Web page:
Preload: Preload is the muscle length prior to contractility, and it is dependent of ventricular filling (or end diastolic volume.) This value is related to right atrial pressure. The most important determining factor for preload is venous return.

Afterload: Afterload is the tension (or the arterial pressure) against which the ventricle must contract. If arterial pressure increases, afterload also increases. Afterload for the left ventricle is determined by aortic pressure, afterload for the right ventricle is determined by pulmonary artery pressure.

Determinants of Cardiac Performance:

When we discuss ventricular dysfunction, it is most often in reference to the left ventricle, however it is important to understand that the same basic principles apply to the right ventricle. The left and right sides of the heart exist in a series, and are therefore interdependent; in normal physiology, the right and left ventricle will have the same output. There are 2 main determinants in cardiac performance:

1. Heart Rate (HR)

Heart rate is directly proportional to cardiac output; an adult HR is normally 80-100 beats per minute (bpm.) Heart rate is an intrinsic factor if the SA (pacemaker) node in the heart, and it is modified by autonomic, humoral, and local factors. For example:

An increase in vagal activity via M2 cholinergic receptors in the heart will decrease the heart rate.
An increase in sympathetic activity via B1 and B2 adrenergic receptors throughout the heart will increase the heart rate.

2. Stroke Volume (SV)

Stroke Volume is determined by three factors: preload, afterload, and contractility. The preload gives the volume of blood that the ventricle has available to pump, as well as the end diastolic length of the muscle. The contractility is the force that the muscle can create at the given length, and the afterload is the arterial pressure against which the muscle will contract. These factors establish the volume of blood pumped with each heart beat. Valvular dysfunction and ventricular geometric form can also affect stroke volume, depending on the pathology of the valves or the ventricle.  (+ info)

What is the relation of hypertension and risk for decrease cardiac output?

I am doing my nursing care plan and I can't get the relation of hypertension and risk for cardiac output.

i'm not sure the exact form of the curve, but more hypertension there's more risk of low cardiac uotput.-
increasing the blood pressure increases the pressure the heart has to overpower to bomb the blood.-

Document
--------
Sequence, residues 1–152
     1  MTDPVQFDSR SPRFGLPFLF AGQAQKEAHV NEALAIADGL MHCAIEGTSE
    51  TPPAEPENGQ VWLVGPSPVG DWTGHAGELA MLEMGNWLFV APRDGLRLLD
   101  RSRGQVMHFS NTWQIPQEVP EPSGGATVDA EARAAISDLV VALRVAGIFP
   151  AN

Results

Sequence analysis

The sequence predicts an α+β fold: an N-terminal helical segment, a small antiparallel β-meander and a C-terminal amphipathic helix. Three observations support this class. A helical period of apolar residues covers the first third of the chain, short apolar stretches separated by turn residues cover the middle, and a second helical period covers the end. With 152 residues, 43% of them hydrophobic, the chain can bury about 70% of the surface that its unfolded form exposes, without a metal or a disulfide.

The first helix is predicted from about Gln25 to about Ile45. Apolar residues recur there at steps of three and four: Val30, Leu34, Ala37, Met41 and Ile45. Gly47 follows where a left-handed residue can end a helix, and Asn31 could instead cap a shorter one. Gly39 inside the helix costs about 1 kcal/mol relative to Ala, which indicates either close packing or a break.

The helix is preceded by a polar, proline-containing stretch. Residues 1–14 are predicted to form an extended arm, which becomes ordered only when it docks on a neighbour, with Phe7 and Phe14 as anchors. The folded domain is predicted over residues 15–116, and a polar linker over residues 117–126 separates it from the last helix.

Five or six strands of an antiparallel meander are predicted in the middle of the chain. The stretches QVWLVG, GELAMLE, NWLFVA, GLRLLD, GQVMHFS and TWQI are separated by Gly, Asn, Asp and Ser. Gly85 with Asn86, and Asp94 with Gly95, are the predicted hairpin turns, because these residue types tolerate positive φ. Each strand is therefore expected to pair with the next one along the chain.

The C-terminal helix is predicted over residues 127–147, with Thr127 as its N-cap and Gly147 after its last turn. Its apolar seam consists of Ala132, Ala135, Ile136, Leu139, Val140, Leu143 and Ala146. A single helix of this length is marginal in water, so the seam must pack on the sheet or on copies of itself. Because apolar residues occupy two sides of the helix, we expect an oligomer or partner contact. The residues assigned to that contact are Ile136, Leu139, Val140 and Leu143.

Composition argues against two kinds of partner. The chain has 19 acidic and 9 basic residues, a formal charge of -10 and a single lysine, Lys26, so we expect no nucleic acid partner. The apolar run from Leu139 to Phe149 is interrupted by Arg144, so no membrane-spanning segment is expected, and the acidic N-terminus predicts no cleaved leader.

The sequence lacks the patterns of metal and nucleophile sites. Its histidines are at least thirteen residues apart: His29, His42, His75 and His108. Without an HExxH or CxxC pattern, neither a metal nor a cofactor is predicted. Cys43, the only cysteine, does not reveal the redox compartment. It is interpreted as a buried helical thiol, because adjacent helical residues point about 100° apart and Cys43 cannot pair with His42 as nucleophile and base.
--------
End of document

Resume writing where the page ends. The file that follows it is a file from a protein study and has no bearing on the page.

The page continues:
there's a range where the compensatory mecanisms of the heart (frank-satrling and those) can mantain the output, but after they stop working the output start to decrease.-
hope you got this, i'm not very good with explanations.-
:)  (+ info)

How do you calculate this cardiac output equation?

Mrs. Jones has a heart rate of 85, a systolic pressure of 140 and diastolic pressure of 60, and an end diastolic volume of 110 and end systolic volume of 40. What is her cardiac output? Please help. Thanks

CO = Stroke volume x Heart rate
stroke volume = EDV - ESV
therefore 70 * 85
CO= 5950 ml/min  (+ info)

what is the connection between cardiac output and blood pressure?

If someone has decreased cardiac output, does that mean they have hypertension? Or hypoptension?

When your heart works hard, your blood pressure goes up. Your heart can be working hard because of exercise, clogged arteries, ageing, eating too much salt and lots of other things. When your heart doesn't have to work hard, your blood pressure is lower (but within a healthy range, never too low for a healthy heart). Things like dehydration, blood loss, tachycardia and other things can cause (too) low blood pressure.  (+ info)

How can decreased cardiac output be caused by increased fluid volume AND decreased fluid volume?

Why would a patient in renal failure have decreased cardiac output?

Check out starlings law.

Of course decreased fluid volume can decrease CO, but once fluid volume increases too much, the heart "stretches" too much and therefore contractility is affected. The heart muscle is sensitive to stretch- it's kinda like goldie locks and the three bears. Too little fluid= low CO, too much fluid= low CO (because the heart muscle is stretched so much that it can't squeeze effectively), just the right amount of fluid= perfect CO!  (+ info)